Of course, I could be wrong. Maybe they are off, secretly and unknown to the rest of us “ultra-lefists” hung up with our project,” “building the political instrument that will push the two dominant parties aside” by burying themselves completely in one of those “two dominant parties.” And considering the record of the Democrats when it came to “restructuring,” ie, gutting the auto industry, we can see just how successful they have been when it comes to “the immediate needs and structural reforms required by the working class.”

    One thing Carl is right about, however, is that “there’s a lot of earth to be moved before we’ in a position to brush the Democrats aside.” Only for that to happen, I’m afraid that Carl and his friends will be amongst the “earth…moved,” in order to do the brushing.

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  10. Leaving aside the Soli-speak and PC lingo, LaBotz is pretty much on the mark as to what the real left needs to do to ” challenge Obama and his policies.” Indeed, his laundry list of demands reminds me of what people like us used to refer to as “transitional demands.”

    Only don’t hold your breath waiting for the ISO to “challenge Obama.” Unless, of course, his popularity takes a nose-dive amongst the “progressive” milleau that the ISO tails after, as its “left wing,” of course.

    Unlike Solidarity, the ISO refused to endorse Nader or McKinney, fearing isolation from what it refers to as the “Obama Generation.” It joined with the latter in partying in the streets when Obama won, pretty much proclaiming that anything was possible in this “new era.” Anything but challenging the illusions surrounding the pro-war, pro-Wall Street president, that is. For the ISO, the latter is about as rare as “progressive” reforms are coming from Obama.

    Even today, the ISO refuses to characterize Obama as the bag-man for Wall Street that he is, focusing on the unpopular Democrats in Congress instead. Indeed, you’d hardly know he was a capitalist politician, representing the millionaires who own him, rather than the millions who voted for him, from reading the ISR or SW. Having published a slew of articles trying to portray Lenin as a super small-d “democrat,” they probably forgot about the stuff in “State and Revolution” describing the state as an instrument used by one class to oppress another. When Obama’s “betrayals” become even too much for the ISO to swallow, criticism is left to others like John Pilger or Jeremy Scahill who have no connection to them.

    For the ISO, “pressuring the politicians” via petty-bourgeois protest politics is about as good as good is gonna’ get. Only thanks to the “Obama movement,” which took everyone off the streets and into the polling places for the Democrats, there isn’t even that anymore. I guess they didn’t pay much attention to the article they published by Mike Davis in the “roundtable” on “Obama’s First 100 Days” which made precisely that point.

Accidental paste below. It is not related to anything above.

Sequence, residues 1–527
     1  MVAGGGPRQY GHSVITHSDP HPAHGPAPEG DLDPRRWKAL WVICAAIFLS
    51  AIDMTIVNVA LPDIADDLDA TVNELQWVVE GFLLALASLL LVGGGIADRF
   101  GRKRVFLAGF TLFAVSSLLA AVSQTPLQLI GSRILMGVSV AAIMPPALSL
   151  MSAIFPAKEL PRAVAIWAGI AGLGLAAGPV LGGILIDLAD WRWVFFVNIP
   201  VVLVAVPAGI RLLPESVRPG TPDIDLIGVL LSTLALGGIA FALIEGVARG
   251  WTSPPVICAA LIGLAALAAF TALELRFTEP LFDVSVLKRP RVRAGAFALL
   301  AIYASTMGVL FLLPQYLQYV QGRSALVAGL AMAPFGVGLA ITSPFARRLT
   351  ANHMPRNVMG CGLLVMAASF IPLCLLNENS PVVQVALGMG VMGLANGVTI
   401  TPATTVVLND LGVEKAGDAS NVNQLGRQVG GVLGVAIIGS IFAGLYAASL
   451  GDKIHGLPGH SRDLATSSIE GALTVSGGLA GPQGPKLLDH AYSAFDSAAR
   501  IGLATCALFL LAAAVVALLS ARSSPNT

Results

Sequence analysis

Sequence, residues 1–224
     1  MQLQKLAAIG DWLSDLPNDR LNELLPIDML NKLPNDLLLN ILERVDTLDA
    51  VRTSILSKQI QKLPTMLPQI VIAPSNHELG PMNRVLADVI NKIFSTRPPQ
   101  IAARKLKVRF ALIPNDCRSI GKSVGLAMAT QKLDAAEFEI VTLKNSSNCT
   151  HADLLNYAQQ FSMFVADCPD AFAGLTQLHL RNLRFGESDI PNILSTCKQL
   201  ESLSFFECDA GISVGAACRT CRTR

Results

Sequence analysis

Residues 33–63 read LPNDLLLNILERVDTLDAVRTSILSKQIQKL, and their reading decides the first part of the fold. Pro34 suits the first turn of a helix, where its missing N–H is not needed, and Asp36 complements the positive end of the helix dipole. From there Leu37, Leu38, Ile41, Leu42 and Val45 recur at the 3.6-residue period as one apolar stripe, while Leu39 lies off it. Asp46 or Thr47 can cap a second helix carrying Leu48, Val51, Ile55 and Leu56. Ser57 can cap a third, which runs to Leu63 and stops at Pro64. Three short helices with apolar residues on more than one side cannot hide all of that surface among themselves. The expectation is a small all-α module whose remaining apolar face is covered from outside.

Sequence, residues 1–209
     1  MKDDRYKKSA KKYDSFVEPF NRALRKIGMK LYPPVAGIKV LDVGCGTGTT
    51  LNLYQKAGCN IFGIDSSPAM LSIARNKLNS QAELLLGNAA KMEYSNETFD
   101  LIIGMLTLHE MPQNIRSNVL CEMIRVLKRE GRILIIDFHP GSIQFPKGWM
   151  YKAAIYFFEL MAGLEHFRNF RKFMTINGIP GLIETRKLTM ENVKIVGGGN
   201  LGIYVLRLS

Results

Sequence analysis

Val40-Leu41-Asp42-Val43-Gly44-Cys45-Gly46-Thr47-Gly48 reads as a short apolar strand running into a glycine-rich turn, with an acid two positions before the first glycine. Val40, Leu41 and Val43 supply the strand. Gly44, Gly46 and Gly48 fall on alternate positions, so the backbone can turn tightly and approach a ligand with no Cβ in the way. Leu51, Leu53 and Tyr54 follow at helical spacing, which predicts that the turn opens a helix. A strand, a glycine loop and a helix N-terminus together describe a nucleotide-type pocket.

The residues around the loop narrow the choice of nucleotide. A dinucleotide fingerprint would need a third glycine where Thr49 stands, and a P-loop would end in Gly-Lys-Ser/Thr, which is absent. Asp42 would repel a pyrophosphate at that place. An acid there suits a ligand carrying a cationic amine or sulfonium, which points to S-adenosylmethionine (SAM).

That’s the sorry reality that the ISO refuses to recognize. That and the need to politically confront and defeat the “lesser evilism” that its progressive pals push. Only as long as the latter help pack their “Socalism” confabs with their star drawing power and boost the circulation of the ISR with their articles, don’t count on it.

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  11. I’ve with Bill Fletcher, but I’d assert we are building the political instrument that will push the two dominant parties aside, and other backward forces as well.

    The forces and building blocks of that instrument are today ‘inside and outside’ the Democratic arena, especially the workers and minority communities at the grassroots. And that’s exactly why we need an ‘inside-outside’ strategy to reach them and organize within the electoral arena.

    Dan LaBotz and Solidarity can’t see their way to this. Fine. That’s their business, and I’m sure there are others who share it. Good luck with your project.

    But a good number of us are choosing a different course. It involves nonpartisan (not anti-partisan) grassroots alliances and base communities, with political independence seeking common platform and tickets based of the immediate needs and structural reforms required by the working class. And yes, some of the people we will vote for will be Democrats, and others will not.

    Over the years I’ve worked in the Citizens Party, New Party, Labor Party and Green Party, as well as certain Democrats. There’s nothing magical about any third party. And I still consider them, or their successors, allies strategically, even if at the moment they are largely a cul-de-sac that walls us off from the more politically conscious and active workers. Of course, that can change, and hopefully for the better and soon. But there’s a lot of earth to be moved before we’ in a position to brush the Democrats aside.